Man fined for laughing
A man from Long Island, New York, is facing up to 30 days in jail and a US$500 fine after a neighbor complained to police he was laughing too loudly, his lawyer said on Wednesday. Police issued Robert Schiavelli, 41, two tickets for disturbing the peace for laughing out the window of his home in Rockville Center on Long Island at about 6pm on Feb. 12 and Feb. 13, his lawyer said.
Bicycle bomb kills eight
An official says at least eight civilians have been killed by a suicide bomber outside the Defense Ministry as US Defense Secretary Chuck Hagel visited Kabul. The Taliban claimed responsibility for the attack in the capital, saying it was meant as a warning to the US defense chief. Pentagon spokesman George Little says the secretary was in a briefing at a US-led military coalition facility in another part of the city when the explosion occurred. Defense Ministry spokesman General Mohammad Zahir Azimi says a bicycle bomber struck just before 9am about 30m from the ministry’s main gate. Another spokesman from the Afghan police criminal investigation division, says at least eight civilians were killed and others were wounded.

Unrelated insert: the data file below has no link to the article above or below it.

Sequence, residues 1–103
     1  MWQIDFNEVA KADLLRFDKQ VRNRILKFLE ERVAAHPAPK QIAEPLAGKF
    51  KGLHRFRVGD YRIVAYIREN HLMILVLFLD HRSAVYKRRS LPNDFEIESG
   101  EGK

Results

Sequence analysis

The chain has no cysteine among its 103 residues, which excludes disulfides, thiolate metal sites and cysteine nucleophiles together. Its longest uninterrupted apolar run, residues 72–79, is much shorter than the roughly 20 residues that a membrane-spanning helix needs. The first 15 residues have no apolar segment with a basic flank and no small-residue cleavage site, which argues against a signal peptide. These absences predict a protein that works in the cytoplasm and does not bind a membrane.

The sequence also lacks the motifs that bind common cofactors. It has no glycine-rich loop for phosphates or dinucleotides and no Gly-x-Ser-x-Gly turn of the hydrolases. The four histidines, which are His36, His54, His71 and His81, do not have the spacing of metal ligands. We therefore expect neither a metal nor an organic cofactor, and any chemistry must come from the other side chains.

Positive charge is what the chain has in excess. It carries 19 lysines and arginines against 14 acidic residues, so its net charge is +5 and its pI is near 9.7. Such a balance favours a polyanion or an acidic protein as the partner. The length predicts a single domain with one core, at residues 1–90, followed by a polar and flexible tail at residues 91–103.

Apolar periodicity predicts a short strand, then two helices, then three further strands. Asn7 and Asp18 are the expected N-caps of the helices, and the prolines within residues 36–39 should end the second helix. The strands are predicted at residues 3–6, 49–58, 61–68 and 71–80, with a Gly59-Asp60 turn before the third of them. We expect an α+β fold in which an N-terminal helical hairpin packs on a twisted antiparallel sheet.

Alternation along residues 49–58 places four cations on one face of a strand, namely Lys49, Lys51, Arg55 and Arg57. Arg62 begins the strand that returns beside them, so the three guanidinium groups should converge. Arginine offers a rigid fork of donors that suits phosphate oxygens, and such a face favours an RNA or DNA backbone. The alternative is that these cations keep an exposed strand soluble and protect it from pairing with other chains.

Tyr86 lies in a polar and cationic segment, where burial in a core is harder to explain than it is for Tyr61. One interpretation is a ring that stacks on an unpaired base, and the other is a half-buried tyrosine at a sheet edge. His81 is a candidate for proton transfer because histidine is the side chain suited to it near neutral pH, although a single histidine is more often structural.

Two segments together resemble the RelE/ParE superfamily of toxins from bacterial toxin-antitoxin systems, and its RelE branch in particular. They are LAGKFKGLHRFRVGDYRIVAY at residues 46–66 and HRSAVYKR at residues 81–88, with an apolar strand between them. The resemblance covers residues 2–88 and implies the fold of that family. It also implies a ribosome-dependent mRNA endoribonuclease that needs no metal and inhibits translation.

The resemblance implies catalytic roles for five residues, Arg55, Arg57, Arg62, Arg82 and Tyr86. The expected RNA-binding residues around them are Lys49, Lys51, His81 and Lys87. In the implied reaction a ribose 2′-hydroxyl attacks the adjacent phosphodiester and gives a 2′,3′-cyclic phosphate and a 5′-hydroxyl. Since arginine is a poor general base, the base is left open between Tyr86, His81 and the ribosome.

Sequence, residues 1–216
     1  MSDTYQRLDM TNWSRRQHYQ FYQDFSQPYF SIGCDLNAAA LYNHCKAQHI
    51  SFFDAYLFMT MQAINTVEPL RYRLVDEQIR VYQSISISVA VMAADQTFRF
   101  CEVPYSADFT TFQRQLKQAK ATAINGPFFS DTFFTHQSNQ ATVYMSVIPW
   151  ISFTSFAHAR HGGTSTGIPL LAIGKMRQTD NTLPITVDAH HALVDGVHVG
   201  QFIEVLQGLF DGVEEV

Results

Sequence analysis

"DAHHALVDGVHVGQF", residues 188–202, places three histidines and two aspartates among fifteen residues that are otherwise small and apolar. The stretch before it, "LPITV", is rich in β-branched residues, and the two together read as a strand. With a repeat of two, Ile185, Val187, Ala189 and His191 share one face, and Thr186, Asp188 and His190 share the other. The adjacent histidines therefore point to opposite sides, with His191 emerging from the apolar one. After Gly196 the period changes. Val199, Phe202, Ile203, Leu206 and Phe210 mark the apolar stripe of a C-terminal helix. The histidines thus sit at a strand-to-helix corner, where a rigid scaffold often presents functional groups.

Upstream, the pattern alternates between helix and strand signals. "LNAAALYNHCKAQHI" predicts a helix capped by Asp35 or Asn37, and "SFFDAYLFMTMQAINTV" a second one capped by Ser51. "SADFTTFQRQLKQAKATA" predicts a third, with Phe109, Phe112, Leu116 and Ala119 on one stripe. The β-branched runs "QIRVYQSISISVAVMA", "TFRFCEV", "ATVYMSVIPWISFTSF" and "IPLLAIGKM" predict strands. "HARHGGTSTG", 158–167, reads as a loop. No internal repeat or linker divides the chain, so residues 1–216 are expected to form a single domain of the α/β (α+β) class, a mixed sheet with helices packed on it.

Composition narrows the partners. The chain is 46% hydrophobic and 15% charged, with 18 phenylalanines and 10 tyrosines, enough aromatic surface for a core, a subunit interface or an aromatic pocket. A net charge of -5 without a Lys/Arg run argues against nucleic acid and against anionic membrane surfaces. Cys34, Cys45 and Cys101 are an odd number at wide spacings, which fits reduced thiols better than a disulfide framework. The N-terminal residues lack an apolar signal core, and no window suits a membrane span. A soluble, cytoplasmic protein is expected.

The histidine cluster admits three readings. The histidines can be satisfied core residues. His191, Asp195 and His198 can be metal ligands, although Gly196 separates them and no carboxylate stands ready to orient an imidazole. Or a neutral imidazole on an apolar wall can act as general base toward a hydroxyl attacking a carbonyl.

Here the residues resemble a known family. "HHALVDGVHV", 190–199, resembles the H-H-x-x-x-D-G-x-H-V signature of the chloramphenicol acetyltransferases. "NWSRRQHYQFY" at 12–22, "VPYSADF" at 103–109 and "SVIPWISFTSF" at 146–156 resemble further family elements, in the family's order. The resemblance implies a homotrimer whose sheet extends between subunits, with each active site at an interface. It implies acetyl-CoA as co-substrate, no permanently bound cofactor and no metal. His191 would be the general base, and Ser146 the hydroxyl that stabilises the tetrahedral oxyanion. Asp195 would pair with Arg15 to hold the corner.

Group wins land claim case